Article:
Terry Johnson’s Hitchcock Blonde attempts to explore the mythos of Alfred Hitchcock’s voyeuristic fascination with his blonde leading ladies, under the auspices of a mystery play that strives to equal the old master’s gift for the opaque. The Jungle Theater is currently staging the play with fantastic noir-inspired lighting by Barry Browning and a thrilling dramatic score arranged by Sean Healey, under the talented oversight of director Joel Sass. However, the Jungle’s creative team can’t salvage this script: while running the length of nearly two Hitchcock films, the play fails to muster the gravitas of even one.
|hitchcock blonde, a play written by terry johnson and directed by joel sass. presented through march 8 at the jungle theater, 2951 lyndale ave. s., minneapolis. For tickets ($28-$36) and information, see jungletheater.com.|
Blonde contains two simultaneous narratives. In one, a “Hitchcock Blonde” (Mikki Daniels) attempts to blackmail Hitchcock (Tom Sherohman) into helping cover up the murder of her husband, a silent Eric Knutson. The parallel storyline involves a present-day film professor, Alex (J.C. Cutler), who uses a “lost” Hitchock film as bait to whisk one of his students (Heidi Bakke’s Nicola) away to a Greek isle in order to seduce her. Where these narratives connect is in the lost film itself, which could be an early example of Hitchock’s film technique or simply an erotic film created for the man’s own pleasure…or just a big MacGuffin. As Alex and Nicola restore the lost film piece by piece, each frame is projected onstage, interspersed with scenes depicting making of said film. While the puzzle pieces are supposed to come together neatly as the drama increases, instead the plot moves with agonizingly slowness as we’re subjected to endless exposition about the relationship between Alex and Nicola.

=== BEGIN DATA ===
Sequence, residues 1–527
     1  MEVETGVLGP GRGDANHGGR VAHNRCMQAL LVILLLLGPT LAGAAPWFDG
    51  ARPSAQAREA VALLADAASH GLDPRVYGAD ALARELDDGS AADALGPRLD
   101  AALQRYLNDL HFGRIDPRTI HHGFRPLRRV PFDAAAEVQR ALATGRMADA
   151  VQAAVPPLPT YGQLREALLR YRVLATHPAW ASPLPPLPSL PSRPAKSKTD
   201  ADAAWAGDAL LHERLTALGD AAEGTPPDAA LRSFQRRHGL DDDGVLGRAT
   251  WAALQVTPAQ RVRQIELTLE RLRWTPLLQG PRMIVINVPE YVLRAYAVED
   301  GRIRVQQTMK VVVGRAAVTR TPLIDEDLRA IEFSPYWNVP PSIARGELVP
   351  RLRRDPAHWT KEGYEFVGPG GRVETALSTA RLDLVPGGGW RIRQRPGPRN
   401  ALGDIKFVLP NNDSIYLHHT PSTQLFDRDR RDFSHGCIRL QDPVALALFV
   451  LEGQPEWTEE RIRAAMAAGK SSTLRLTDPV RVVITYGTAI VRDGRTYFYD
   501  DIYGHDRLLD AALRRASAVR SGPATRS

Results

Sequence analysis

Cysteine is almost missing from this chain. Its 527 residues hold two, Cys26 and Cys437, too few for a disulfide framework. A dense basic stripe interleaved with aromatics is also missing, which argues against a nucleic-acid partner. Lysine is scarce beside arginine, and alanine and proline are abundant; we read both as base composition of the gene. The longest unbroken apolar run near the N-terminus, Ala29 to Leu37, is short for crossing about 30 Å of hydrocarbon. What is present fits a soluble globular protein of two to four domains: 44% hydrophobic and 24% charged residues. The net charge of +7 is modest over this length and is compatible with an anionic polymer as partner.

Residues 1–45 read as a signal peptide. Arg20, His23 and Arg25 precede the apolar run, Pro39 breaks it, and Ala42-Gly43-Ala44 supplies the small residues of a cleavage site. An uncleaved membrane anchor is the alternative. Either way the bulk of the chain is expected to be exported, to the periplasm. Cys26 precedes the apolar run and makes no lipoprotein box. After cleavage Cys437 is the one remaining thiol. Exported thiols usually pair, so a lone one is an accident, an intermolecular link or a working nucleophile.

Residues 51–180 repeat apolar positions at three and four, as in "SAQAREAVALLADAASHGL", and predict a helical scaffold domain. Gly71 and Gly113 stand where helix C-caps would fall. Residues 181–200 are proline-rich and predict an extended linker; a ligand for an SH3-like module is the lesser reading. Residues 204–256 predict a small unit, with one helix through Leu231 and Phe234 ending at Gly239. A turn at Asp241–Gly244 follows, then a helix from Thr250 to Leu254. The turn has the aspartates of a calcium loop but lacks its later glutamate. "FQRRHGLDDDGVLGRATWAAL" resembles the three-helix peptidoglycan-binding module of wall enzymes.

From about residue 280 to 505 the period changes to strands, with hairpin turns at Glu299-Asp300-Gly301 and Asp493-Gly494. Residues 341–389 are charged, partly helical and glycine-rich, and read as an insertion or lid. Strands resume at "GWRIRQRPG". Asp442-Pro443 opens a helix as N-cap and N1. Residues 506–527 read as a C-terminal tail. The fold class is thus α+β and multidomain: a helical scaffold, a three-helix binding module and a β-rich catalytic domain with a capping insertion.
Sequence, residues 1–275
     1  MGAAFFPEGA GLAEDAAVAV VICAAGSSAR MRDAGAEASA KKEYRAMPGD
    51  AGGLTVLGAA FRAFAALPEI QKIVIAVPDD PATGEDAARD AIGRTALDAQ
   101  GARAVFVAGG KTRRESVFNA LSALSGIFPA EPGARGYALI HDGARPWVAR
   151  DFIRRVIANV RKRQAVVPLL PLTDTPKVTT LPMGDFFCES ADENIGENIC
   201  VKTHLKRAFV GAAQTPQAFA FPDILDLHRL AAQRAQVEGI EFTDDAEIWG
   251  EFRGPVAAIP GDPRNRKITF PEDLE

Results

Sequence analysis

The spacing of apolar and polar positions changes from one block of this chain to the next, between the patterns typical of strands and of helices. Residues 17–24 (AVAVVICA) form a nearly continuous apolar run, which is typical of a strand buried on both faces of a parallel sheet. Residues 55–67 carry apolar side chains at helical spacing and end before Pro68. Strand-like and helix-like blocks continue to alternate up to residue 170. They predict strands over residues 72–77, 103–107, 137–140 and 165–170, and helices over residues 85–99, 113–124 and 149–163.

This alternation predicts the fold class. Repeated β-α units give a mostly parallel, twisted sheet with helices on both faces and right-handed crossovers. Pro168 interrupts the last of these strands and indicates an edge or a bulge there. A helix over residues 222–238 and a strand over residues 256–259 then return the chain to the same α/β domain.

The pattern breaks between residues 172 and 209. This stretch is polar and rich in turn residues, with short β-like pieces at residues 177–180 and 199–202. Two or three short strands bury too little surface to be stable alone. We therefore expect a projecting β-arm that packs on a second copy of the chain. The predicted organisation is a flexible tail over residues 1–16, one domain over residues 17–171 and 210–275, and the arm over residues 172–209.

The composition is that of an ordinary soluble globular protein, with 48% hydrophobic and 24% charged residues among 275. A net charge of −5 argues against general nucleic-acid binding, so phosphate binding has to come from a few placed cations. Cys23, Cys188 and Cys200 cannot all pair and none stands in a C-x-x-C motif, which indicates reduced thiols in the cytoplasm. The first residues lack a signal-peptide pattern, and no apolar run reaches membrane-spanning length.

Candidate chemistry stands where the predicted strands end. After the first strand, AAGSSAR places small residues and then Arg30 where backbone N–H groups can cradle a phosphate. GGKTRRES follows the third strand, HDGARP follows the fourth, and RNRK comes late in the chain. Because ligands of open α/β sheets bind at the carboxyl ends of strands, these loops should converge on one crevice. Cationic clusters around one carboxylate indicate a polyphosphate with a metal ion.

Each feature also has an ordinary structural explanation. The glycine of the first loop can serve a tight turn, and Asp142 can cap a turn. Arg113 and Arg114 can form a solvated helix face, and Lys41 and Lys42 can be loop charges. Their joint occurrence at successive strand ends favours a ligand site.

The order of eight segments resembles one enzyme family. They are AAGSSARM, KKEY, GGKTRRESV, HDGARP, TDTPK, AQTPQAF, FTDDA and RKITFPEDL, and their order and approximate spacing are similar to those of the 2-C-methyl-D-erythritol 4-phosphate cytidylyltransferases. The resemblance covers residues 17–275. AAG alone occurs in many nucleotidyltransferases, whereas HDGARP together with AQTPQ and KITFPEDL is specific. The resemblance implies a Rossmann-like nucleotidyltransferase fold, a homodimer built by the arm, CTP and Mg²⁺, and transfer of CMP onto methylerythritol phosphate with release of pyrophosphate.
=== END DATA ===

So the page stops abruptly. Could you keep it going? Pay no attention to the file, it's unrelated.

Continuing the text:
The actors make do admirably with the clunky script. Sherohman’s Hitchcock is scarily accurate and more than a little creepy. J.C. Bates shines as Alex, adding nuance to the cliché of the middle-aged manipulator. Heidi Bakke capably portrays Nicola, though she occasionally sounds as if she learned her cockney accent from Dick Van Dyke. Where she redeems herself is in her precise comedic timing, which brings quite a number of laughs. Mikki Daniels’s Blonde is also a dynamic character, though she too struggles to master her accent—in this case one of an uneducated “broad” from the 20s. Her masterly portrayal of a woman unearthing a startling new revelation about the nature of her own sexuality is one of the production’s high points.
While Blonde contains a touch of mystery, it simply isn’t enough to carry the play—especially for over three hours. If one is to emulate the king of the enigma, more is required than conventional plot twists such as the contrivance about what may or may not be Alex’s cancer. The lost film itself is a bit more beguiling, but its true nature becomes obvious long before the “reveal.” While this is an admirable effort by Sass, the technical staff, and the actors involved, the real mystery of the show is why Johnson’s script wasn’t pared down to something a bit more efficient.
Jon Behm (email@example.com) is a Minneapolis-based photographer and writer. While his specialty is music, Jon has a wide variety of interests that tend to take him all over the Twin Cities on a daily basis.